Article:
“What then should we do?” (Luke 3:10). That’s the crowd’s response to John the Baptist when he stands along the river Jordan, calling the people to repentance.
“Even now,” he calls out, “the ax is lying at the root of the trees; and every tree that does not bear good fruit is cut down and thrown into the fire” (3:9).
I imagine some people shrugged their shoulders and rolled their eyes at this street preacher, this one just like all the others, with their doomsday obsessions.
But some in the crowd do listen. They listen because they are tired. They’re exhausted with this world. They listen because they want something else — a new world to break into this one. They listen because they long for redemption, for liberation from a world that seems like a prison. They listen because they dream of salvation from evil.
When John tells them that even now an ax is lying at the root — ready to strike through society, to cut into their lives — they want to know what to do. They want to know how to repent of evil and give themselves to the way of salvation: to a new life, to a redeemed life, to a healed world.
“What then should we do?” they ask.
They’re ready. They’re ready for another world.
What should we do? Advent is a time of preparation, a season to remember what happened when Jesus was born into our world, a world that rejected him, a world that couldn’t bear his love, a love that has threatened to undo the violence and injustice and sin that structure our lives.
The story of the incarnation doesn’t end with a swaddled baby in a manger. Instead, Jesus becomes a fire, a fire that burns through the dominion of sin. John said that Jesus would come with a baptism of fire — that his life, his ministry, would spark hope’s flame: the hope for a newness in our lives, newness in our world.
We remember Advent so that we can learn what to do now — to ask that same question, “What then should we do?”
We wonder what this gospel, this story, this Messiah, mean for us as we long for another kind of Advent, as we await the arrival of Christ’s peace: the healing of creation, the restoration of God’s goodness, the reconciliation of all things.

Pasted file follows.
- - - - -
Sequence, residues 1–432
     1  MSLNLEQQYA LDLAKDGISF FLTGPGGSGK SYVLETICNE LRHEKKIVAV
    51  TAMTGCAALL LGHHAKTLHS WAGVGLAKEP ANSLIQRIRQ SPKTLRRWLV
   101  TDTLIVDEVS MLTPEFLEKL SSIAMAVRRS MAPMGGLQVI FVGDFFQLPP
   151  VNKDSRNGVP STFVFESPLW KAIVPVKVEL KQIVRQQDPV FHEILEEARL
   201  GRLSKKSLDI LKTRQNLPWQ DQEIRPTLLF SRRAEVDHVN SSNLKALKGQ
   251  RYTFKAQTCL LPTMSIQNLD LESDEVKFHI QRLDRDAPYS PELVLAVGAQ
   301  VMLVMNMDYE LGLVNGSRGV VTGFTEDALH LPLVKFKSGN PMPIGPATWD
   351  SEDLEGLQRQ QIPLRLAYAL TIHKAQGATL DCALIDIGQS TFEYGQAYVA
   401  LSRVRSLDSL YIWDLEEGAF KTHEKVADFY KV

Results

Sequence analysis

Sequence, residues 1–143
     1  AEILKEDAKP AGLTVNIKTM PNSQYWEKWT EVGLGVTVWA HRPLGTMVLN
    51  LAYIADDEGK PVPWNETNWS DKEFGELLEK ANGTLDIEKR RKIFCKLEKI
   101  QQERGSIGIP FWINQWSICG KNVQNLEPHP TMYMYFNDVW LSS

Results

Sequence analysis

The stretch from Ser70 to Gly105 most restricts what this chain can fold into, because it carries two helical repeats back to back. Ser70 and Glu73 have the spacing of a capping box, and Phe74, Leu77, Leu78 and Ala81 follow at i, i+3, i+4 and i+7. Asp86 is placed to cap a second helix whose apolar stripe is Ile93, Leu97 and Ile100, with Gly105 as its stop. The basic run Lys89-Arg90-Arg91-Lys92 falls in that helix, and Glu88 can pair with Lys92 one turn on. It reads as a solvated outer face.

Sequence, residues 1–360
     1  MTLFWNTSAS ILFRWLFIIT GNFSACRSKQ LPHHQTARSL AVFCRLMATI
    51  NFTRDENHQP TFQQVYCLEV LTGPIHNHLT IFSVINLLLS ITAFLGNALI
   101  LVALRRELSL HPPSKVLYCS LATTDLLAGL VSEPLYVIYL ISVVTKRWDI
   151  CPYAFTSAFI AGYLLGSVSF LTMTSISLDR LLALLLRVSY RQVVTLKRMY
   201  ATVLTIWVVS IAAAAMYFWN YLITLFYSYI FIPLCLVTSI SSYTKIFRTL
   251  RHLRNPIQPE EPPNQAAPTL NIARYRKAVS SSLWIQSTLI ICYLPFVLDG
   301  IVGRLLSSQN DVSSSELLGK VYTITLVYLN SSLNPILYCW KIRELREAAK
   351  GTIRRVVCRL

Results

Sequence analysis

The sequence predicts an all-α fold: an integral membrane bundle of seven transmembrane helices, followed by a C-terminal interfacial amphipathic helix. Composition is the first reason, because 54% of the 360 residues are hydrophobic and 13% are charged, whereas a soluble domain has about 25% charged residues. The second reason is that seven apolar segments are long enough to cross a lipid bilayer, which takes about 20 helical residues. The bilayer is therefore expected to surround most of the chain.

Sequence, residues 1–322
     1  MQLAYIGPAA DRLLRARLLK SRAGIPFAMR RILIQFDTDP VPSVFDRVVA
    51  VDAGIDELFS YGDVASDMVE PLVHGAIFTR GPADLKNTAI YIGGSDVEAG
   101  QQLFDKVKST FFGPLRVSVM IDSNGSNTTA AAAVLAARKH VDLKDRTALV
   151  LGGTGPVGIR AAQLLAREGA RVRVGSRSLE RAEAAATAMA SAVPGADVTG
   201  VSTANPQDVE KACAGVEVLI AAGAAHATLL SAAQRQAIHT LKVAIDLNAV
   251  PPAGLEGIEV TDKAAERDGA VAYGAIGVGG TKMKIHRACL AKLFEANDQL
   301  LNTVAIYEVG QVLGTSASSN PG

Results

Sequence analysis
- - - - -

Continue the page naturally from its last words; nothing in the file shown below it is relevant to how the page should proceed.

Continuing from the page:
During Advent, we find ourselves in the crowds of Luke’s story. We’re among the bystanders, the ordinary people who’ve heard John’s prophecies on the riverbanks, his talk of fire and hope, of judgment and peace.
We’re waiting for it to happen. We’re waiting for this new world. We want to be part of that redemption, that justice, that peace. We want to belong with this Messiah, to be his people.
Advent returns us to the basics of our faith, to the fundamentals of our lives. We ask ourselves what we’re doing here, with this life we’ve been given. We wonder what’s going to last of all our labor, of all our struggle.
That’s what everyone is asking in the story when they hear John’s words and experience the ministry of Jesus: “What then should we do?”
The gospel answers the question by asking another question, by turning us back to ourselves, to who we are, to what we do with our lives.
John and Jesus turn to us, asking us to take stock of our lives, to wrestle with our desires, to contemplate ourselves.
John and Jesus compel us to ask: In this world and in our lives, what will last, and what will be burned away like chaff?
God’s fire is a purifying fire, affirming what is good, condemning what is evil. The presence of Jesus burns away all the systems and structures, all of our attitudes and ways of life that set up walls and fences and borders that obstruct God’s love for the world.
“His winnowing fork is in his hand,” John says of Jesus, “to clear his threshing floor, to gather the wheat into his granary, and to burn the chaff with fire” (3:17).
During Advent, we ask ourselves what needs to be burned away, what needs to change: what parts of our lives, of us, of our world, need God’s restoration — the undoing of our violences as God heals the world with Christ’s peace.
Each Sunday of Advent narrows the focus of our hope. Week by week the Scriptures center us on a fragile life, born into poverty, in a backwater town, to a frightened teenager, afraid for her life.
Our hope looks like a defenseless life, vulnerable to a whirlwind of wars and imperial decrees — God’s fire of love made flesh, a glowing ember, in a manger, in a feeding trough for animals. The gospel promises the warmth of God’s life among us.